Travelogue LVII: Bayreuth IV: Ring

Frank Castorf's Ring production: Euro-trash or a provocative examination of capitalism, greed, US-Germany relations, etc. etc? Here, the final act of Siegfried under a socialistic Mount Rushmore.

Frank Castorf’s Ring production: Euro-trash or a provocative examination of capitalism, oil, US-Germany relations, etc. etc? Here, the final act of Siegfried under a socialistic Mount Rushmore. (All Photos)

August 31, 2015 And just like that, the curtain closed on the final act of Götterdämmerung and we were applauding, partly out of enthusiasm and partly out of relief, fifteen hours of music and bad seats behind us, and then we walked down the five flights of steps from the Galarie one last time and drank one more glass of wine and took the taxi back to the hostel. “Ah well,” said the man who sat next to me through all four operas, “I suppose it’s time to leave the Magic Mountain and re-enter the real world.” Indeed.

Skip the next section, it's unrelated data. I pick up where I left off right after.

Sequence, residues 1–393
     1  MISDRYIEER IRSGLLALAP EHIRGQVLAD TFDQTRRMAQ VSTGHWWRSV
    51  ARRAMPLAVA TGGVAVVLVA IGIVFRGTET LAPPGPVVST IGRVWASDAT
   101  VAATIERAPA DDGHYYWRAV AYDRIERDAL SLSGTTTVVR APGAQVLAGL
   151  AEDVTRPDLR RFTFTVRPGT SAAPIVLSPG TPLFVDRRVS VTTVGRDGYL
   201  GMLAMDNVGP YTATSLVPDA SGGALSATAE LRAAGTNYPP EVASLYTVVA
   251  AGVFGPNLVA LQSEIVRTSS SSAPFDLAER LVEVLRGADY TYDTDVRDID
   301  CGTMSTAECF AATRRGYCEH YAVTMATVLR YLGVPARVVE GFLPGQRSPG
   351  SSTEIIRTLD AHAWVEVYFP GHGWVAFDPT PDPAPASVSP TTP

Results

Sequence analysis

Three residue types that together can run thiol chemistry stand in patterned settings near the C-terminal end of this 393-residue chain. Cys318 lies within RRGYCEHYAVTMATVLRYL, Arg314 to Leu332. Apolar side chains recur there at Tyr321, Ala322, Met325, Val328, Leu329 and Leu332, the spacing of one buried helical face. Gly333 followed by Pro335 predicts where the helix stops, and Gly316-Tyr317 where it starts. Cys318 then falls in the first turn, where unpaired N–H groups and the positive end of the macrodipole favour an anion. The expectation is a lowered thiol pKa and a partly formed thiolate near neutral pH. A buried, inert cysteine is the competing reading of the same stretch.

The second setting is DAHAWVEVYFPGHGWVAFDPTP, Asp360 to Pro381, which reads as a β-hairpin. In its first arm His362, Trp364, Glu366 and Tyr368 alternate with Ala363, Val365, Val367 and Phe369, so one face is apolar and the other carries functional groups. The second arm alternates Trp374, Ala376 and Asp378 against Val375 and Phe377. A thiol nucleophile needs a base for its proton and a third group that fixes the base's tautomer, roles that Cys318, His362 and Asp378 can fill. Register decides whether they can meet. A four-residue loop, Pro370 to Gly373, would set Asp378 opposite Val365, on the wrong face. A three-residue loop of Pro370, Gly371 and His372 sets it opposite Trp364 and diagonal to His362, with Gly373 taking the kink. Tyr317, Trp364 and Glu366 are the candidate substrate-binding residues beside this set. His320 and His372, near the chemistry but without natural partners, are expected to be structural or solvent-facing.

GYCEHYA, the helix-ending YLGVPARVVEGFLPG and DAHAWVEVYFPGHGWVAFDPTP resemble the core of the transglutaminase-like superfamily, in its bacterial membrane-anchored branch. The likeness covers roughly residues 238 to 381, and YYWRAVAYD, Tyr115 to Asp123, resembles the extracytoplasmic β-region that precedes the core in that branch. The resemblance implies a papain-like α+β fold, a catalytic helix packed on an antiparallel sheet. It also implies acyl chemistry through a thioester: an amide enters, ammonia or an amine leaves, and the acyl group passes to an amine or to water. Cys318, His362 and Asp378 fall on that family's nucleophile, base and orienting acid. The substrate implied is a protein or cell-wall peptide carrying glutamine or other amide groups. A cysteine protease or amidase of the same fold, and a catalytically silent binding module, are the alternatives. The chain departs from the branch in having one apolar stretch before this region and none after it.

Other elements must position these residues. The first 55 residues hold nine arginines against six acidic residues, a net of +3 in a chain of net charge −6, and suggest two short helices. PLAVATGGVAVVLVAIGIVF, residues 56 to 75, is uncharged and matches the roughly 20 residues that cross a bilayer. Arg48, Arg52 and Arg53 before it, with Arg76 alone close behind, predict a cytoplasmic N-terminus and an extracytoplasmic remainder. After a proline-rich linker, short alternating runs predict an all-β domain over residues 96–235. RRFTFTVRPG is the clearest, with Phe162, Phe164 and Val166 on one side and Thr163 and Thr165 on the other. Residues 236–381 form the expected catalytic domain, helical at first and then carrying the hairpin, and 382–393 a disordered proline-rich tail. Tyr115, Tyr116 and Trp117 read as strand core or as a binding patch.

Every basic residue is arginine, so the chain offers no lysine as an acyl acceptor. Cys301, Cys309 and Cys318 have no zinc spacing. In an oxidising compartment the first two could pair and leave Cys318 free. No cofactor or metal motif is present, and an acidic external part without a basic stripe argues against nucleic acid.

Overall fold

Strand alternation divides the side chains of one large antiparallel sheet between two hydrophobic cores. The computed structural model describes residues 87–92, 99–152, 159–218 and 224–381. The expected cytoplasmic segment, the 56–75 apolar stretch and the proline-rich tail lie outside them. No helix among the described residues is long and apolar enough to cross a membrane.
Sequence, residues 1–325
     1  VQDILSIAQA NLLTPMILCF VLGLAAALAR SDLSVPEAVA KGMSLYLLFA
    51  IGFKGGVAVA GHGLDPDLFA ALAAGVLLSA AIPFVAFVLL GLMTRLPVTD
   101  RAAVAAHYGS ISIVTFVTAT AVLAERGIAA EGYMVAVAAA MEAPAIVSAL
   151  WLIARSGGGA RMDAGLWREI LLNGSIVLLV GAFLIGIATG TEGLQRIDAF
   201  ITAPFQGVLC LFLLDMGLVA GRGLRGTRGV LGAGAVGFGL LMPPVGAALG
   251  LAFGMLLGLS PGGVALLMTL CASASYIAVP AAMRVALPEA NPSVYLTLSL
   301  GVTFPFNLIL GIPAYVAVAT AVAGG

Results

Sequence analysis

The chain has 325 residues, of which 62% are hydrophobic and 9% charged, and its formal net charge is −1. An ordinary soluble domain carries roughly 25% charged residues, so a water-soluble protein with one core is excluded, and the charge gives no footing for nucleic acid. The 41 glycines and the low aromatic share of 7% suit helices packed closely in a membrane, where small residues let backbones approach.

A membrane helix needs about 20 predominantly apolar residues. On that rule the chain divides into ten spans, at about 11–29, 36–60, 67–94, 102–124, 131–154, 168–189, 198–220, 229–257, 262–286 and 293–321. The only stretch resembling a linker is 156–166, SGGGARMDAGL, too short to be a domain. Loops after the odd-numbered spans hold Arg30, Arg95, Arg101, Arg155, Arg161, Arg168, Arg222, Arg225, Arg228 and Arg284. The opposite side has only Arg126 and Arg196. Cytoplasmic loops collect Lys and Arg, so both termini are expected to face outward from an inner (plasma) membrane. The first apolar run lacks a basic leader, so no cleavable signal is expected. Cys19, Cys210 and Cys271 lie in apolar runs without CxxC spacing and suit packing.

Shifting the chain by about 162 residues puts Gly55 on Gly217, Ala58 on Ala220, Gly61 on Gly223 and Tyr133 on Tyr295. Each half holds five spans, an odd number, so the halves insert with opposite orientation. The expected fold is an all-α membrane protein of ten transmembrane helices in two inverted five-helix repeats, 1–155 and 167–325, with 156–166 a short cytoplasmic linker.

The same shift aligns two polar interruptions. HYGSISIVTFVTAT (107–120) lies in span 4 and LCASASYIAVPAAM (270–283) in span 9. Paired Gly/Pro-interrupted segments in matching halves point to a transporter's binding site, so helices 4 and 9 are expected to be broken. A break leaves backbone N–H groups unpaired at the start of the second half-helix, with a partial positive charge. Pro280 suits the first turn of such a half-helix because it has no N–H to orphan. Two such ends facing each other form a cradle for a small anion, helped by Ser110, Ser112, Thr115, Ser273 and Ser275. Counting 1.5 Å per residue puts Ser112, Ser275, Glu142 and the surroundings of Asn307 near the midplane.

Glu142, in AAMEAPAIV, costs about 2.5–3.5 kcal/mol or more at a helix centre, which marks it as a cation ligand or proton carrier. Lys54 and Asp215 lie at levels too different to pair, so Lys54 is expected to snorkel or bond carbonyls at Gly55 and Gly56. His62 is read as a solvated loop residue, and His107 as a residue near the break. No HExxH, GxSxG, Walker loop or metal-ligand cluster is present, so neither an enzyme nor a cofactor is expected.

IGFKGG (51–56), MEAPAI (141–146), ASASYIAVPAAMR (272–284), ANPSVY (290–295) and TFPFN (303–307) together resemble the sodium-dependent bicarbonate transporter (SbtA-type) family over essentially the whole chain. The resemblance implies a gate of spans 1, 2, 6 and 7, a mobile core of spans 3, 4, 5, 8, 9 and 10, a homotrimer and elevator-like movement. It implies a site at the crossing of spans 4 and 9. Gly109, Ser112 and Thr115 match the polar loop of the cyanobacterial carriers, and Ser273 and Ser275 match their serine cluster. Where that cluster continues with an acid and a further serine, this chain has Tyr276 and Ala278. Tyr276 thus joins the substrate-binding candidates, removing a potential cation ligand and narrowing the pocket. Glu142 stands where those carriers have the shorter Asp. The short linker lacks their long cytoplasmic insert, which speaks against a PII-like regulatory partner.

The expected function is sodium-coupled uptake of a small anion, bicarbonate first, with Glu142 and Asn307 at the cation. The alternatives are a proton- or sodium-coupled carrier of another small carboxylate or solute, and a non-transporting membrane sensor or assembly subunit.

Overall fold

Götterdãmmerung: the Gibichungs are owners of a Döner shop somewhere in the slums of Berlin.

Götterdãmmerung: the Gibichungs are owners of a Döner shop somewhere in the slums of Berlin.

I think, in the end, it will be the smaller moments that will stick with me the most. Like standing behind the brass players, close enough to touch them, as they played Siegfried and Brünnhilde’s theme on the balcony in the rain at the end of an intermission. Or like our picnics on the lawn, and the local Bayreuther who walked by every day at precisely 6:30 with a big, fat, drooling, wheezing, entirely self-satisfied bulldog, to the general disgust of the ball-gowned Festival guests.